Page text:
The debate around public, private, and hybrid cloud solutions can leave more questions than answers for IT departments. But it doesn’t have to be that way.
Each model carries a variety of benefits that help businesses overcome various challenges, such as harnessing the value of big data, managing bring-your-own-device deployments, and supporting the Internet of Things revolution. And cloud capabilities—both public and private—keep increasing.
A forecast from the International Data Corporation indicates that spending on infrastructure for cloud environments will reach $44.2 billion in 2017. That’s an 18 percent jump from the previous year. And a report from Markets and Markets anticipates the global hybrid cloud market will top $91 billion in 2021.
So what should you consider as you evaluate the merits of public, private, and hybrid cloud services? What's most important is understand how each is best put to use.
Public vs. Private Cloud
Deploying processes to the cloud, which can promote business innovation and agility while reining in IT infrastructure costs, can be a game changer for many corporations. Nevertheless, it’s not always clear whether a public or a private cloud model will generate the best results.
Built on a foundation of shared physical hardware owned and maintained by a third-party provider, the public cloud is known for scalability while keeping costs manageable and predictable. It’s a great fit for businesses with fluctuating demand. Moreover, the public cloud can handle heavy, unpredictable traffic with ease while offering up a cost structure that allows you to pay only for the server resources you use.
On the other hand, the private cloud offers a more customized experience in which your business uses dedicated infrastructure hosted on-site or in a service provider’s data center. Providing greater control and security, private cloud services deliver needed agility and capacity while segregating data more completely.
However, another solution is available—one that marries the best features of public and private cloud as a service.
Hybrid Cloud: The Best of Both Worlds
If you’ve considered both public and private cloud options, but find that neither one fulfills all of your company’s needs, you likely need a custom solution. That’s where the hybrid cloud shines. By combining public and private cloud services, it you the IT infrastructure you want and need while still respecting your bottom line. What's more, you retain the option of maintaining dedicated servers for those processes that require ultimate speed, security, and reliability.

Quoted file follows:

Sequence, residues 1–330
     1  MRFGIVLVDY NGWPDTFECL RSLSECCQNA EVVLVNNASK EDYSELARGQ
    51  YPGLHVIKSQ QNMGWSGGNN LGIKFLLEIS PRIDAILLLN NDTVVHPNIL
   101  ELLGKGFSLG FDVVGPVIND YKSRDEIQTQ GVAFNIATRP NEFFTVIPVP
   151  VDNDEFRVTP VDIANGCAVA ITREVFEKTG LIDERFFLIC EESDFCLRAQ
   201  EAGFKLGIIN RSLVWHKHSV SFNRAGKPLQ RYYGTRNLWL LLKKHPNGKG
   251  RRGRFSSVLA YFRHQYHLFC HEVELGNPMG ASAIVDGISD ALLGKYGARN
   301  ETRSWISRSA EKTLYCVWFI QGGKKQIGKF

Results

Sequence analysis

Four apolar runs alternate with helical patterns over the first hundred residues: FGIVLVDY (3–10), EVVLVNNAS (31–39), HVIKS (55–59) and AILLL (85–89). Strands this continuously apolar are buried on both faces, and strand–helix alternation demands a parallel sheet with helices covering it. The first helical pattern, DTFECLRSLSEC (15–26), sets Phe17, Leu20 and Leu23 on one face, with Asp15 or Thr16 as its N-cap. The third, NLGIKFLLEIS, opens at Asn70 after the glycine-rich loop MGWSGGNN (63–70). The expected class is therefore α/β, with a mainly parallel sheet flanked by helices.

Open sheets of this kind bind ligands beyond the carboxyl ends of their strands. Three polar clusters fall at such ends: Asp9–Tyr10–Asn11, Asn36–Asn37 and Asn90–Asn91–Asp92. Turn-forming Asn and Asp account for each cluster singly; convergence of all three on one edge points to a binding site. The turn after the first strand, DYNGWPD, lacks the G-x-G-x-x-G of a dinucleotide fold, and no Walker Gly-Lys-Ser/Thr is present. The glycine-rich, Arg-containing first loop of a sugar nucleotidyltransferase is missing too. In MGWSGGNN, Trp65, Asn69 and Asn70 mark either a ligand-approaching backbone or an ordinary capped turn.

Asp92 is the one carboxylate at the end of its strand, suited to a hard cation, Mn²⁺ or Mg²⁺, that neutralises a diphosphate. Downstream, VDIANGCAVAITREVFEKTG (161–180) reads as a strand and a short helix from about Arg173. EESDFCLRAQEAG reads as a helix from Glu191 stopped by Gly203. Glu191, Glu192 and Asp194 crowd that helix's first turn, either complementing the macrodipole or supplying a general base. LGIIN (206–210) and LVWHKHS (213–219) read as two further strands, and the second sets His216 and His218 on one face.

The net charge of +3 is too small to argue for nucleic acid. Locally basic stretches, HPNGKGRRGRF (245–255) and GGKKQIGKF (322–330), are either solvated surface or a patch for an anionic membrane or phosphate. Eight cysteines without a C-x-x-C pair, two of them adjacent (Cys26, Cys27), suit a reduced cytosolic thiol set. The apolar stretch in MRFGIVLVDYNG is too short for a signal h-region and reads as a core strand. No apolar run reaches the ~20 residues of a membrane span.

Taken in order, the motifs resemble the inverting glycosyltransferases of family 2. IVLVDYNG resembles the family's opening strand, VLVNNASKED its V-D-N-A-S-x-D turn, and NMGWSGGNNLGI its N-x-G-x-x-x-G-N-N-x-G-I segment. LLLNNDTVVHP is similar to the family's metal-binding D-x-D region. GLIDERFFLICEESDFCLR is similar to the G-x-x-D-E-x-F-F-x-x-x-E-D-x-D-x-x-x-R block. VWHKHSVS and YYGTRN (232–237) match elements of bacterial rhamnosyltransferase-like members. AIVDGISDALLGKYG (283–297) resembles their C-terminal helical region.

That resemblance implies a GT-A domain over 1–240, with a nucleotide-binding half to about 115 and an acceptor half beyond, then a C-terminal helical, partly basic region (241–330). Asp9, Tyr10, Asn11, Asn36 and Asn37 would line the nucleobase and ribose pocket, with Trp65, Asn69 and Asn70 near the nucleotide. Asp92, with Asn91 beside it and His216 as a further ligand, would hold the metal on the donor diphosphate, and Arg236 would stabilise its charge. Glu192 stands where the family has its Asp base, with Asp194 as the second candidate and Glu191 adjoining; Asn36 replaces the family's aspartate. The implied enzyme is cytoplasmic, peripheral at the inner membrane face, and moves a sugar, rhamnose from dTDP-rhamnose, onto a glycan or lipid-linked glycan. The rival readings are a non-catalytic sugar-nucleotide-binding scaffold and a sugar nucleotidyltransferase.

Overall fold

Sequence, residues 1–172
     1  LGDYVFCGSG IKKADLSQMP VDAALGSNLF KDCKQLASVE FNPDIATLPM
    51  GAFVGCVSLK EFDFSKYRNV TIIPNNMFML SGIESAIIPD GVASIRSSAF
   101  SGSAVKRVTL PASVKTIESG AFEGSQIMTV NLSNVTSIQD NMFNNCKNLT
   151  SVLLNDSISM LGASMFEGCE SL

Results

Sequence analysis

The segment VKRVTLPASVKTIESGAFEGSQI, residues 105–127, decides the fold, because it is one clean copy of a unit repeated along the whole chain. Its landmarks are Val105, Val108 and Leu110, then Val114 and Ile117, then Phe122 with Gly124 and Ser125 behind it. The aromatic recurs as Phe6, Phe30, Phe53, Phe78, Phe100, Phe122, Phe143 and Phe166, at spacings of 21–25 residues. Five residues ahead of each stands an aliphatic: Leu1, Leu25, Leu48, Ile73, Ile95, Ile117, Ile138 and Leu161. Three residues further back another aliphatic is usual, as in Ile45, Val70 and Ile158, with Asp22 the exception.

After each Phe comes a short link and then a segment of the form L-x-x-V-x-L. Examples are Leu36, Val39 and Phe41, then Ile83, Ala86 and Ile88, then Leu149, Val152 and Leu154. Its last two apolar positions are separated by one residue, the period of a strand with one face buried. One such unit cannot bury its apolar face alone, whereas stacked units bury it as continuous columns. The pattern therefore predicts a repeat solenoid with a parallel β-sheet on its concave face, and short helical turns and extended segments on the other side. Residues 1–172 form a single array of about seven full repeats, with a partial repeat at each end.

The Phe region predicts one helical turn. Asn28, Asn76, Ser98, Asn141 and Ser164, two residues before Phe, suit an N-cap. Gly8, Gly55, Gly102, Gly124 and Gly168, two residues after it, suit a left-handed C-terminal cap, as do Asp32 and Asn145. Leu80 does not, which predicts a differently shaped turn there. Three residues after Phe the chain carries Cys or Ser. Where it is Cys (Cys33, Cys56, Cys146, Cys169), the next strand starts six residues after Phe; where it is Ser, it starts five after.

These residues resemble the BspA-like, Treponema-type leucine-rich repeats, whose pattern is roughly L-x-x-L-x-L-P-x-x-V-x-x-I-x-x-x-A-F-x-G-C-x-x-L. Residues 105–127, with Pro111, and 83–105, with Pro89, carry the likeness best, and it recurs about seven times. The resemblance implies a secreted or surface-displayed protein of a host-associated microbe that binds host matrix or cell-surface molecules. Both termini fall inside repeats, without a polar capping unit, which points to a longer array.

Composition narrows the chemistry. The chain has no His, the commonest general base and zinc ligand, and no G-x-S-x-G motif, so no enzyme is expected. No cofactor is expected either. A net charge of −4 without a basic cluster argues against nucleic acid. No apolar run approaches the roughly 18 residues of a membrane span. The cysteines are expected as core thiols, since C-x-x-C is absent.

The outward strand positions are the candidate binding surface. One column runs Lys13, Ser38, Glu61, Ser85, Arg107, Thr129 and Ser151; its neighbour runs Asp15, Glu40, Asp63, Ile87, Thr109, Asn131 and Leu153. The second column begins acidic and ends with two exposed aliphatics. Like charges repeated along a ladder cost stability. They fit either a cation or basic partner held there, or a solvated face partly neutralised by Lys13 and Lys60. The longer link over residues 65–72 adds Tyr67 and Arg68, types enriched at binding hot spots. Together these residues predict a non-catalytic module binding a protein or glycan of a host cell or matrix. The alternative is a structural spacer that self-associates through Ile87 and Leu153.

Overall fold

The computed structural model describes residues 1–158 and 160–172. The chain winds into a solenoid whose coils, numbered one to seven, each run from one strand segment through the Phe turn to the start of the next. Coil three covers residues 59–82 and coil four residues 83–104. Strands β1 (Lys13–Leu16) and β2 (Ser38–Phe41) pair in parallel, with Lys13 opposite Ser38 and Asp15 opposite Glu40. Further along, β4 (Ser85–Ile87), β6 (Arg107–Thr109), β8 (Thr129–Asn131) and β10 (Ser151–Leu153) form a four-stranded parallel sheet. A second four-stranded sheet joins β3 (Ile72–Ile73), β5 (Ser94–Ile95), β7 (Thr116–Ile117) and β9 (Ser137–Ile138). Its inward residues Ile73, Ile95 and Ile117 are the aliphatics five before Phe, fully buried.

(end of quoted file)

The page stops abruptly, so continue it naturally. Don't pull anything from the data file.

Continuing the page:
As you consider how your company can best integrate cloud as a service, focus on these three factors.
Manage your risk: For companies facing heavy regulations and frequent audits, private cloud offers greater control of digital resources and a higher level of IT security. Choosing an environment that keeps business critical apps and data safe and sound helps you sleep at night.
Allocate workloads based on performance: As you consider deployment across public and private cloud services, keep in mind that performance depends on the capabilities of the host servers. It’s generally accepted that the private cloud handles ongoing, around-the-clock workloads more easily. Turn to the public cloud for temporary or seasonal spikes.
Keep IT infrastructure costs under control: With the proliferation of cloud services, you’ll find more options that meet your needs while also fitting into your budget. Pay-as-you-go models and usage tiers mean fewer surprises at the end of the month.
Which Cloud Service Is Best for Your Company?
You probably know by now that a one-size-fits-all plan is far from ideal. Instead, think about a tailored solution for your company, one that offers maximum flexibility, scalability, and security in support of your specialized business goals.
To learn more about how you might build a hybrid cloud model to help you meet your business goals, schedule an assessment with one of our IT experts. We’d be happy to help you design a custom solution while sharing best practices in cloud computing.